Given these inputs, the lack of a fail flag in the registers 32 of chips C and D serves as input to their respective anti-fuse logic circuits 52 and results in ignoring the “blow fuse” command. However, the fail flag bit in the address register 32 of chip A results in a comparison within that chip's anti-fuse logic circuit 52 of the column address input at ADDR 60 and the column address stored in the address register 32. For chip A, that comparison will reveal a match. As a result, chip A's anti-fuse logic circuit 52 will cause the anti-fuses associated with the data in the redundancy register 71 to blow. In this example, two redundant elements will be accessed, one in each redundant plane 43 and 45. For instance, transistor 58 may be driven for a time sufficient to establish a conductive path from CGND to node 68 and the circuitry connected thereto; and a similar process may occur simultaneously in anti-fuse circuit 54′. Such circuitry will isolate the defective cell formerly associated with the first address and associate a redundant cell with that address. It will also isolate a fully functional cell associated with the third address and associate a redundant cell with that address. It should be noted that, while the simultaneous repair mentioned above is preferred, it is not a requirement of every embodiment of the current invention. For instance, there may be a case wherein limitations in the tester equipment result in blowing the anti-fuses in series.
Chip B also has a fail flag bit in its register and, as a result, may compare the address input at ADDR 60 with the address stored in its own register 32. The comparison, however, will not reveal a match. As a result, the command to blow a fuse will not be carried out in chip B at this point. It should now be appreciated that these functions on chips A-D may be occurring at the same time.
Next, as seen in
The overall result is that this exemplary method embodiment accomplishes in two clock cycles what took the prior art method sixteen clock cycles. Another advantage of this exemplary embodiment is that the chips need not be removed from a tester and placed into a separate repairing device. Rather, the chips may remain in a tester and use its input signals while the on-chip circuitry effects repairs. Thus, it is possible to repair chips in an AMBYX device without moving them to a TERADYNE device.
Further, once the data in redundancy register 71 of any chip is no longer needed, the redundancy register 71 may be cleared in anticipation of a subsequent search for another available redundant column.
In the exemplary embodiments of
From these examples, it can be seen that, where a redundant column is divided among a plurality of redundant planes, it is preferred that there be one redundancy register that may store a column address that is common to all planes of the plurality. However, while such a characteristic is preferred, it is by no means required by every embodiment of the current invention.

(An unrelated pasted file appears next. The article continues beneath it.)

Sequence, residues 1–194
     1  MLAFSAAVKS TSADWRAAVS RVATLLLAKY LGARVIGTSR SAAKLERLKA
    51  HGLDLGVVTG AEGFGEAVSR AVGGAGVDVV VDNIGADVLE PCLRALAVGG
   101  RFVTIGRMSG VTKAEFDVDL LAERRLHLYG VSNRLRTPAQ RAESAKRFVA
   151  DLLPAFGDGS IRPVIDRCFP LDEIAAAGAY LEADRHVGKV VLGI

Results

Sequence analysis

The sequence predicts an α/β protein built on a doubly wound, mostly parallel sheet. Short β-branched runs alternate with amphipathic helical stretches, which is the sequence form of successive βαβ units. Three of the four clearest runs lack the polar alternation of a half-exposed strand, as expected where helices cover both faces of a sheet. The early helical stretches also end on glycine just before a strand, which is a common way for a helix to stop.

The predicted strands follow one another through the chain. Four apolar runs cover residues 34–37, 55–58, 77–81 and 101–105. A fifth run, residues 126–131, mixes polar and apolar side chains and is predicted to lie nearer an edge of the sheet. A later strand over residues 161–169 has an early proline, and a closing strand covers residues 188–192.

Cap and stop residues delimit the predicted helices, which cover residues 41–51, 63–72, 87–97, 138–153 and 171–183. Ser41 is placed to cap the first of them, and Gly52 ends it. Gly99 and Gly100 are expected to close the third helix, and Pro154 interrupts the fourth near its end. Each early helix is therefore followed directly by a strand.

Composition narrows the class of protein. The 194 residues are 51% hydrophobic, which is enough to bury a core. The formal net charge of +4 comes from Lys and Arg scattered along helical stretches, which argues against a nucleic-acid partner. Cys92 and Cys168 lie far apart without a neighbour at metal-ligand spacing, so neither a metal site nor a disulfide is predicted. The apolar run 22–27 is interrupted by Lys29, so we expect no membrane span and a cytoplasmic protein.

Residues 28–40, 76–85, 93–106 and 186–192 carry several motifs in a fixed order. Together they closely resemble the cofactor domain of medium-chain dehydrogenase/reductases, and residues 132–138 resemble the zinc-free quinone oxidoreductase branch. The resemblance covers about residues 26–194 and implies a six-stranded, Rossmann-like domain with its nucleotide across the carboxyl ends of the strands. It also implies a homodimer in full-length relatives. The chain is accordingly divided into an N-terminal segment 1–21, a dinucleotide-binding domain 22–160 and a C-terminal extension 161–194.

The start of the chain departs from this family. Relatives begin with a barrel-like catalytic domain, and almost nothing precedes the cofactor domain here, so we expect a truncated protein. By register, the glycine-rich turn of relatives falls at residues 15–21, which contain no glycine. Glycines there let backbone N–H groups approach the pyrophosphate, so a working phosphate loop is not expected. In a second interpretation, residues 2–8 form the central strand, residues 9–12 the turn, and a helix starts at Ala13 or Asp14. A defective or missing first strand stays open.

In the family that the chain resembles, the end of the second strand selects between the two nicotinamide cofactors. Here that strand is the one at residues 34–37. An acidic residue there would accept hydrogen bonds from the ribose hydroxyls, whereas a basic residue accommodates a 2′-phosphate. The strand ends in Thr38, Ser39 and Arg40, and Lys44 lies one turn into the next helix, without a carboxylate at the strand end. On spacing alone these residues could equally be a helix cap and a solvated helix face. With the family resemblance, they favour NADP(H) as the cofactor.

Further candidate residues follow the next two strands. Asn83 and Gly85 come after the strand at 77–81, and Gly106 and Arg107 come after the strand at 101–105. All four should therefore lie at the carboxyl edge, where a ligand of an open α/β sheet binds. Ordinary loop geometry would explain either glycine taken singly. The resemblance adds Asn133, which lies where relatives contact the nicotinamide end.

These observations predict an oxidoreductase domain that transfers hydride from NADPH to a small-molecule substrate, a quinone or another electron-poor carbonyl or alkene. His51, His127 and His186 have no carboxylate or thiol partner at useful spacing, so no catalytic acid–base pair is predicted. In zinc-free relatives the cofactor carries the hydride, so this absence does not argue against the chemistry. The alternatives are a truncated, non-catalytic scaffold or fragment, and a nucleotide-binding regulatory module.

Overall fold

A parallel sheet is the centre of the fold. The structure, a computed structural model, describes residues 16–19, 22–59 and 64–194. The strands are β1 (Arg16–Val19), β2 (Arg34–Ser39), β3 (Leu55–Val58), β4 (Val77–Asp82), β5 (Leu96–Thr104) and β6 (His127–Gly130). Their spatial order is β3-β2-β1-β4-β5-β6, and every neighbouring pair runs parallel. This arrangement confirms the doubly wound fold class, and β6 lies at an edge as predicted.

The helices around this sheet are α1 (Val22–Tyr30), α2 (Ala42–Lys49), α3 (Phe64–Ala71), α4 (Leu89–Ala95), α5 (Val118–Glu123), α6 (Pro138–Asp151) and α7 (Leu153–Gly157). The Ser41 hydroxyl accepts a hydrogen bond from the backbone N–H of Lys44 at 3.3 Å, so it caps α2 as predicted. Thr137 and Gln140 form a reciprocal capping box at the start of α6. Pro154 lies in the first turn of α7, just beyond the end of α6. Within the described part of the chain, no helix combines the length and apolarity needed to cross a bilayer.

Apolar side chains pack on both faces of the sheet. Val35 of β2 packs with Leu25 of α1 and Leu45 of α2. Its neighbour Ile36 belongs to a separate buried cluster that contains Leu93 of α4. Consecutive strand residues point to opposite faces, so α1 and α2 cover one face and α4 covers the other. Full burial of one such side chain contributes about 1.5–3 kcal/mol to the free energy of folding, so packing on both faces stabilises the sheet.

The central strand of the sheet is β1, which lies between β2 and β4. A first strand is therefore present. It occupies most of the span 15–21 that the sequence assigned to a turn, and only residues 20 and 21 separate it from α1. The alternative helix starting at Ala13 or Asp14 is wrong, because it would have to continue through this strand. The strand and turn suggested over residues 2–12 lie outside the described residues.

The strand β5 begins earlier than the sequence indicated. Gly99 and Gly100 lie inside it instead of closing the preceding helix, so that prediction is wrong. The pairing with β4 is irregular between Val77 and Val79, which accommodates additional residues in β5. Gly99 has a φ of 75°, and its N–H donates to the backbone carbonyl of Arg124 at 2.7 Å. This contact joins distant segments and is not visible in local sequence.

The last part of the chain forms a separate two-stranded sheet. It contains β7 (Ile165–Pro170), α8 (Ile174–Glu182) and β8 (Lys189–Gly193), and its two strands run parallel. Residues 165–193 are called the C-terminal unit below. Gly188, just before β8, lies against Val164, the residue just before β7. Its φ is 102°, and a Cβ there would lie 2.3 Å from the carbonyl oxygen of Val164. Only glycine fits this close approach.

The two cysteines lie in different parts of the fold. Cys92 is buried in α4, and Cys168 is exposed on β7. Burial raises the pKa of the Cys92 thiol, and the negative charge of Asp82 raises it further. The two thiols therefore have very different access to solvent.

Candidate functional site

It should be noted that other exemplary embodiments fall within the scope of the current invention. For example, it may be possible to have a redundancy register that stores the redundant column address of the first available redundant column found rather than the last. Alternatively, it may be preferred in certain circumstances to store some redundant column address other than the first or the last. In addition, it is not necessary that the address stored be a column address—it could be a row address. Moreover, it is not necessary that the redundancy register store data concerning an address that is common to a plurality of redundant cells. Rather, the redundancy register may store other data indicating the availability of cells unrelated by addresses. For instance, the redundancy register could store a plurality of row and column addresses. Further, it is not required by the current invention to store data indicating the availability of a plurality of cells, as it may be preferable in certain circumstances to store data indicating the availability of only a single redundant cell. It is also not necessary to store an address in the redundancy register, as other information may be stored to indicate the availability of at least one redundant cell. For example, the redundancy register may store data related to the programmable element associated with a redundant element. Furthermore, it is not required for every embodiment of the current invention that a redundancy register be shared between redundant planes, or that the concept of redundant planes be incorporated at all. Instead, the current invention includes within its scope embodiments wherein redundancy registers are provided for each redundant column, as well as embodiments wherein redundancy registers are divided among portions of the redundant array by some way other than redundant planes. Moreover it is not required to include error detection considerations in all embodiments concerning “Smart Repair.” Still other embodiments include those wherein the redundancy register is not limited to being on chip.